Donald Lambro

I'm always amused by national news polls showing that few Americans like the job Republicans are doing in Congress, as if this is somehow a precursor to the outcome of the 2012 House and Senate elections.

In fact, at this stage it's largely irrelevant to how the congressional elections will turn out. Most election analysts believe the Republicans will hold on to the House, and the chances are strong that they could take control of the Senate, too. But more on that later.

Congress' approval ratings have long been historically low as an institution, and this two-year election cycle is no different. Polls show voters strongly disapproving of the job either party is doing.

Ask typical Americans what they think of Congress, and you will get a big fat vote of disgust with their performance. But ask what they think of their own representative or senators, and the answer is more divided, with a majority often favoring incumbents.

This week, Gallup released its latest polling numbers, reinforcing this conflicting axiom of American politics. "A record-low 21 percent of registered voters say most members of Congress deserve re-election, the lowest percentage Gallup has found in the 20-year history of asking this question," the venerable polling group said.

But that finding "compares with 54 percent of voters saying their own member deserves re-election."

As the country was heading into the fall election season in 2010, polls showed that the voters didn't like the job either party was doing. The Democrats had huge majorities in both houses of Congress and were spending money like there was no tomorrow, driving the U.S. deeper into debt, passing an unpopular government-run health care plan, and watching the economy sink deeper into the abyss.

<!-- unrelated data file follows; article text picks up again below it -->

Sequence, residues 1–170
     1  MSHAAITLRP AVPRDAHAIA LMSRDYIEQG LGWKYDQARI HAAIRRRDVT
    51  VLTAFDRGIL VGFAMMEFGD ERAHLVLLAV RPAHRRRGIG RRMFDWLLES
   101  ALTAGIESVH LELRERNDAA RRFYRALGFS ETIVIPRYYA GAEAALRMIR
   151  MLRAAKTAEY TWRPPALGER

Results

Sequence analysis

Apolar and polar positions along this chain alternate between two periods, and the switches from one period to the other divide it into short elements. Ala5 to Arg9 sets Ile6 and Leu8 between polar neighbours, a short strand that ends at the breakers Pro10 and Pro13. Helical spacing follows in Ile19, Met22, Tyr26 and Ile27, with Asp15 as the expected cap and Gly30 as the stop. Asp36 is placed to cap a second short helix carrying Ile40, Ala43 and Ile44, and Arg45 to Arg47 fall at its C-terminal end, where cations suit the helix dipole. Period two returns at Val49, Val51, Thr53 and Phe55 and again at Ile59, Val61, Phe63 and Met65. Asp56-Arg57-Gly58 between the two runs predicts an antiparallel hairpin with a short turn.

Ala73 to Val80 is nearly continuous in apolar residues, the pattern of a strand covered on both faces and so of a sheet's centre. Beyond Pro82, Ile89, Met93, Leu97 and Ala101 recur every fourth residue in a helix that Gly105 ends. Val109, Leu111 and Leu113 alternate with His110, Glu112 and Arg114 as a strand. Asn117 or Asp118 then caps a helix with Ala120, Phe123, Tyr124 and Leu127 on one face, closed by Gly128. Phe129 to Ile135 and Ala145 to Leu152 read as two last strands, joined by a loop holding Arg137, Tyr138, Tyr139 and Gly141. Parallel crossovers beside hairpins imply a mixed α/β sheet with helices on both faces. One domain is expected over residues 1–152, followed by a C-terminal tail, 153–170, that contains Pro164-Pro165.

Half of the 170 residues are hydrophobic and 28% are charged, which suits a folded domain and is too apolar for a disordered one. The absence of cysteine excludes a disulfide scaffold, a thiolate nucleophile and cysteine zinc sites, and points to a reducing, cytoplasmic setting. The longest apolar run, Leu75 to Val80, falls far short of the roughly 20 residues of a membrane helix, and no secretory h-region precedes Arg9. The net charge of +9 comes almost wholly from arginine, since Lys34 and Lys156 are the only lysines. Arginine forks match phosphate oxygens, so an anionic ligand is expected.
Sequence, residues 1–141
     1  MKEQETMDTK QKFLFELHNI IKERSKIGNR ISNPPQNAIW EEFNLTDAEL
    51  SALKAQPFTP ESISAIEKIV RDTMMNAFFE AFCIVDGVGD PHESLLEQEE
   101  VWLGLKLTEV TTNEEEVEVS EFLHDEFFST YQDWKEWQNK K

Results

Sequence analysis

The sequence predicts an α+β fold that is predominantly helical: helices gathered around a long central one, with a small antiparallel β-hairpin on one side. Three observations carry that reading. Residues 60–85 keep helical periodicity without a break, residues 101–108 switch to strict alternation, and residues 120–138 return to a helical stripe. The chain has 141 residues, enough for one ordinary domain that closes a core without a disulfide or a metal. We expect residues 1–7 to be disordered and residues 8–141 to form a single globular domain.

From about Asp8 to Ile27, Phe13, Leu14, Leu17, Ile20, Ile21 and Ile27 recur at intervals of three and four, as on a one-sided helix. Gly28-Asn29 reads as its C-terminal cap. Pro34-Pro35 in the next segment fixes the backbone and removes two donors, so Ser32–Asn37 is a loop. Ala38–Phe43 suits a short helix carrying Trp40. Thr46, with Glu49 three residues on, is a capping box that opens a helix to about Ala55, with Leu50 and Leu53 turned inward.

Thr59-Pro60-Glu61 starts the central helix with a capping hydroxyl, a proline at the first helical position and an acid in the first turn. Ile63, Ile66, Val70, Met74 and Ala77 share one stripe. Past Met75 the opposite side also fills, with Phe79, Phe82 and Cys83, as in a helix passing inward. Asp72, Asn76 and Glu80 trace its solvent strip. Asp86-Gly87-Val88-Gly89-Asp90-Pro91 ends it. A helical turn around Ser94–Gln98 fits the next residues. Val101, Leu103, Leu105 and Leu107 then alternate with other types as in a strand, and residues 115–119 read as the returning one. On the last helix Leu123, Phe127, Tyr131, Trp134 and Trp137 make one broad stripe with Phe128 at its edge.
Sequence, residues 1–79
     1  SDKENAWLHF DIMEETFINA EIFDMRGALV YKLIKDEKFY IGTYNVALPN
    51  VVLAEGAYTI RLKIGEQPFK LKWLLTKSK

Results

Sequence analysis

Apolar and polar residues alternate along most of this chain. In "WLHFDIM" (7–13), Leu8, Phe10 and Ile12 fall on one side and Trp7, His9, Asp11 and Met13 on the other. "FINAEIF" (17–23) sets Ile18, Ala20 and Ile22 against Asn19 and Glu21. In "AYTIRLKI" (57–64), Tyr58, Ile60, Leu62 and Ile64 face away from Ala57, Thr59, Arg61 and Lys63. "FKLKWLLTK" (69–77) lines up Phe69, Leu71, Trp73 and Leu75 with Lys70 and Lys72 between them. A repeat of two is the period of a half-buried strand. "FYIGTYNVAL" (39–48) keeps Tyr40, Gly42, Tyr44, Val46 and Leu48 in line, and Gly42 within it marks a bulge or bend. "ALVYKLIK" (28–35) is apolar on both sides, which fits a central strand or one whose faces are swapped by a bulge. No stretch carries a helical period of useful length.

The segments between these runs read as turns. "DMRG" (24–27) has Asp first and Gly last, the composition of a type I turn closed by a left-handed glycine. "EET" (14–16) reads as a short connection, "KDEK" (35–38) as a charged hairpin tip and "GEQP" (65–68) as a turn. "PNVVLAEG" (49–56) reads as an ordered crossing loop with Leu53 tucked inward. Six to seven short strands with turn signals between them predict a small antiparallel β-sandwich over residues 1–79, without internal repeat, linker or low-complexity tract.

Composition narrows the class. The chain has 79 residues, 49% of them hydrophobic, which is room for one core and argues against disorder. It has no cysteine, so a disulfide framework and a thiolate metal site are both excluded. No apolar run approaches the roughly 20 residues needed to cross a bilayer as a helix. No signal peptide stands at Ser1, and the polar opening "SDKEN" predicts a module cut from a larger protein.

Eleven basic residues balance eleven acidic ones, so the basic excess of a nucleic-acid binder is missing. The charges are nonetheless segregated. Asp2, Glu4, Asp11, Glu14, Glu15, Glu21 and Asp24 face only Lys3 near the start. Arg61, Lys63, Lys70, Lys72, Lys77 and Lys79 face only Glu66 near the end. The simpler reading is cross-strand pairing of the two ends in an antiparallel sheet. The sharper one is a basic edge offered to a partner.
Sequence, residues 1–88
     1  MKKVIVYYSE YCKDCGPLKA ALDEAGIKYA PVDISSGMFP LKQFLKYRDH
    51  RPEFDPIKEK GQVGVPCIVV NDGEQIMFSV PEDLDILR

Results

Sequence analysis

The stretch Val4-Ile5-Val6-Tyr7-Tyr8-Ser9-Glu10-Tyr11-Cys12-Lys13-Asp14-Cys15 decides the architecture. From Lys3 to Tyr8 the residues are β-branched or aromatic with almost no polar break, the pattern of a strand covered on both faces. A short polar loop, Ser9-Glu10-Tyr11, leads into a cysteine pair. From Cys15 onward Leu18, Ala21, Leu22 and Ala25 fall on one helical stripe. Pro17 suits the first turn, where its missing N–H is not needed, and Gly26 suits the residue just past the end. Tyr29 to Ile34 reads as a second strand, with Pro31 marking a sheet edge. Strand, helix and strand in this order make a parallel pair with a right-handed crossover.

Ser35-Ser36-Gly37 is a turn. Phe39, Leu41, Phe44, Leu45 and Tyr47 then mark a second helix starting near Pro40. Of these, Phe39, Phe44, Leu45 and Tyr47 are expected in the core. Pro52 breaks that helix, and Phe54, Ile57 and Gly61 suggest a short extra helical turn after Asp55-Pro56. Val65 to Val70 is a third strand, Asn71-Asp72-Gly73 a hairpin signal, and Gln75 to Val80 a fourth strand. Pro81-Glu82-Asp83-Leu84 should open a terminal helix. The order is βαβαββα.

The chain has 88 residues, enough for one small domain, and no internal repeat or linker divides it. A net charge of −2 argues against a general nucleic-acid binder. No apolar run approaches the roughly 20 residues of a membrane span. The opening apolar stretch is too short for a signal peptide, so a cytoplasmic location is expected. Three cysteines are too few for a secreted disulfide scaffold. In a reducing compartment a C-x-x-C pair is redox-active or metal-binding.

On Sept. 8, 2010, a Gallup poll reported that the Democrats' approval ratings had sunk to 33 percent, while the GOP's score card was an equally dismal 32 percent.

"Both parties' ratings are on the low end of what Gallup has measured since the question was first asked in 1999," the pollsters said at the time.

About two months later, however, the Republicans took control of the Democrat-run House by a wide margin and also cut deeply into the Democrats' Senate majority.

Whatever voters had previously thought of the Republicans in a generic sense, when it came right down to the issues that they cared about -- the economy, jobs, and unprecedented deficits and debt -- they voted overwhelmingly for the GOP's message.

Donald Lambro

Donald Lambro is chief political correspondent for The Washington Times.